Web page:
/ 25 February 2009

Where will SA be in 2025?

Possibly one of the finest public documents yet published, the 2025 Scenarios paint three states of our nation in 16 years. The first is a business-as-usual nation where the country atrophies and divisions grow, the second is an ideal where we leverage our strengths to end the ravages of apartheid, while the third is a dog-eat-dog world of a privileged elite with a large underclass.

Lucidly written and dispassionately honest, it’s a must-read for any interested South African citizen or South Africa watcher. It is a humorous document with none of the turgidity of state documents. Each scenario contains the story of a fictional young South African born in 1994 and who, by 2025, is a young adult 31 years old.

Their stories tell a tale of what life is like in a South Africa of the future.

One of the keys to the successful transition of South Africa from apartheid to democracy was in the effective use of scenarios such as the Mont Fleur scenarios. They plotted what would have happened if South Africa had nationalised assets and industries and implemented the socialist policies then popular within the African National Congress.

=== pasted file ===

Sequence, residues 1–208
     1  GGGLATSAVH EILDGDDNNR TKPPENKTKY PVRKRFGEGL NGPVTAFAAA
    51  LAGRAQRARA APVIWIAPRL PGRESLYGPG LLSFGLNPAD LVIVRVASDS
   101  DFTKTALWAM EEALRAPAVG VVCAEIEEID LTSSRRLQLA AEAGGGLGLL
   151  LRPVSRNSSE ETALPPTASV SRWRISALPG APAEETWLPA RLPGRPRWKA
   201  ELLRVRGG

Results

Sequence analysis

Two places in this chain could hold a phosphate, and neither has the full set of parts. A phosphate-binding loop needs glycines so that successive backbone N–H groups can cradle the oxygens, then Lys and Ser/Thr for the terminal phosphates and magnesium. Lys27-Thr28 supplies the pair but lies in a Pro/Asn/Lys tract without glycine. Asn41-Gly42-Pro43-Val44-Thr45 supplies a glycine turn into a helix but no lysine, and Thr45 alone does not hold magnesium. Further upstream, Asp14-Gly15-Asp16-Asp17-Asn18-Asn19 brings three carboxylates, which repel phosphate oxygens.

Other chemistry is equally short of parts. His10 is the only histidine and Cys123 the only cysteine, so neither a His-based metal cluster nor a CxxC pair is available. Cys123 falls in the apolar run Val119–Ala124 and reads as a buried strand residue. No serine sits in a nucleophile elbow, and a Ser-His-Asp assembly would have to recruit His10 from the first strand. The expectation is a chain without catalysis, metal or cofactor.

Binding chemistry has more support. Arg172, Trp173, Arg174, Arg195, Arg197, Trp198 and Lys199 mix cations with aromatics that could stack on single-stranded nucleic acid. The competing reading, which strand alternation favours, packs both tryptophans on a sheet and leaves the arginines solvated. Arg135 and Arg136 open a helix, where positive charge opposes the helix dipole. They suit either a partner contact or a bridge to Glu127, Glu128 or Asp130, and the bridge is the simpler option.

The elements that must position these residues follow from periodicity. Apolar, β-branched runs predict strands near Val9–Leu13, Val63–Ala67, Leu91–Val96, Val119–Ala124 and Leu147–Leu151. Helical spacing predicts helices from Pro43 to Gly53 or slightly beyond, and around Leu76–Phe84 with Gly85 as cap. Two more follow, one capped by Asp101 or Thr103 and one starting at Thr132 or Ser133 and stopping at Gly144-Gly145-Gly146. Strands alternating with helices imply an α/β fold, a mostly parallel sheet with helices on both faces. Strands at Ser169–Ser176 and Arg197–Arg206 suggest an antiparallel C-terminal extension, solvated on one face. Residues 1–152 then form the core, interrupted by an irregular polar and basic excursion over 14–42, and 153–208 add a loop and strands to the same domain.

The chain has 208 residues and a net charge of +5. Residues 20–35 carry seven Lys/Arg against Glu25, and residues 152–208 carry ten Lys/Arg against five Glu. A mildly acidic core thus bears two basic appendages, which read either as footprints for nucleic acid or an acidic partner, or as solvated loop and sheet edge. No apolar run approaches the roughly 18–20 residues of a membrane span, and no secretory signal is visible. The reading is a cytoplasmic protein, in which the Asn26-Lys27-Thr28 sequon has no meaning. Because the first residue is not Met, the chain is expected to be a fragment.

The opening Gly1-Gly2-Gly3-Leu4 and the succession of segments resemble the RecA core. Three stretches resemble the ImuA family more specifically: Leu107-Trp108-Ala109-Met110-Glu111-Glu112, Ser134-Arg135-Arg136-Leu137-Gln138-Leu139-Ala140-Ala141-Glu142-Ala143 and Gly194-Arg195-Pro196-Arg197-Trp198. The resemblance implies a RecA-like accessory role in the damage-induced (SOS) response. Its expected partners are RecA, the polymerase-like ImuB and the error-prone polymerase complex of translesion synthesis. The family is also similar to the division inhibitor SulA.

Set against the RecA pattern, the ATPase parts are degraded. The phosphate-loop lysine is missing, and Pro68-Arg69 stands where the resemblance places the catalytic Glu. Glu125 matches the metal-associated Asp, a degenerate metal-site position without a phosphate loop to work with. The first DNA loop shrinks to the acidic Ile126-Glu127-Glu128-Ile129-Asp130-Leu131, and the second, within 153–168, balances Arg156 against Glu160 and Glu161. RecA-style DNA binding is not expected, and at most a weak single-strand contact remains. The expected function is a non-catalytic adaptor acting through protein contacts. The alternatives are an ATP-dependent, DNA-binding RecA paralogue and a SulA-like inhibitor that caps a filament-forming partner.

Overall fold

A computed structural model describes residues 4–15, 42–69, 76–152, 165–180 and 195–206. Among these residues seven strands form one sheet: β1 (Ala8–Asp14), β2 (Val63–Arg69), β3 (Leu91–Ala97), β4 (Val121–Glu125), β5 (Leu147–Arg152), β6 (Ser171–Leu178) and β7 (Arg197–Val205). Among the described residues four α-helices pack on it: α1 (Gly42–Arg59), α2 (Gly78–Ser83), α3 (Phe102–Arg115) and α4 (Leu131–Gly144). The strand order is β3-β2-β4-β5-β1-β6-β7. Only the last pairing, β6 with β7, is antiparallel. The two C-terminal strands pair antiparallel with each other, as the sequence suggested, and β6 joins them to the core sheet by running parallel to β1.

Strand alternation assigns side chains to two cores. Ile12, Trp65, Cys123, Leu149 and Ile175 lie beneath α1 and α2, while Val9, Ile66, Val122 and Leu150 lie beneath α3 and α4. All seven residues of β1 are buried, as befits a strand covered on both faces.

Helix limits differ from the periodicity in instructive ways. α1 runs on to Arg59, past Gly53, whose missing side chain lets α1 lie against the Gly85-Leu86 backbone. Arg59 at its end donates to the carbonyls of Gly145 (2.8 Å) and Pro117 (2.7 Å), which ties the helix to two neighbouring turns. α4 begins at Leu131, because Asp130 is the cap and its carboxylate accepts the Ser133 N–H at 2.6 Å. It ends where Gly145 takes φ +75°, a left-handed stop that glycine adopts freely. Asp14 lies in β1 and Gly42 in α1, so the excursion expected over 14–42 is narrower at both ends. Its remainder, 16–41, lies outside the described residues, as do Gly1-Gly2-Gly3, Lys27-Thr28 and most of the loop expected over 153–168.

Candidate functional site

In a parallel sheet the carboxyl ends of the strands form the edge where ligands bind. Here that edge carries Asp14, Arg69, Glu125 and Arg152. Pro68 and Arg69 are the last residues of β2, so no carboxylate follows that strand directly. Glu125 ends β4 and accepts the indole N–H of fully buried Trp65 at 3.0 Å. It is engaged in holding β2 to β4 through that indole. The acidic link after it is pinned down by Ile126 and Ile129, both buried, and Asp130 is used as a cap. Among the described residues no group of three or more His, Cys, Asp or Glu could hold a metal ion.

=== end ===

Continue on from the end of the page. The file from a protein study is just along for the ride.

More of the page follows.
Through the process, the future ruling party adopted the mixed-economy model and dropped nationalisation. It also institutionalised joint decision-making now practised, with varying degrees of success, in the National Economic Development and Labour Council (Nedlac) as well as the various presidential working groups.

A new set of scenarios commissioned by Old Mutual is to be launched in the next month and will doubtless lead to a great debate about where the country is headed. The Mail & Guardian will keep tracking the scenarios’ processes.

Each scenario is globally focused and projects a substantially different geopolitical stage come 2025. Brazil, India and China (by acronym, the Bric nations) have come to dominate, taking over from the United States and Europe. (Earlier this year Germany was knocked from its perch in the top three superpowers by China, so it is a likely scenario.) In each scenario sustainability is a key political question as climate adaptation and energy usage are determinants of national wellbeing.

Efficiency (or the lack thereof) is a thread running through the scenarios as well as the role of the state. Corruption and class are evergreen determinants of the future and are likely to remain important, possibly forever. In each scenario the political landscape is predicted to change, though the ANC remains a constant.

Not yet Uhuru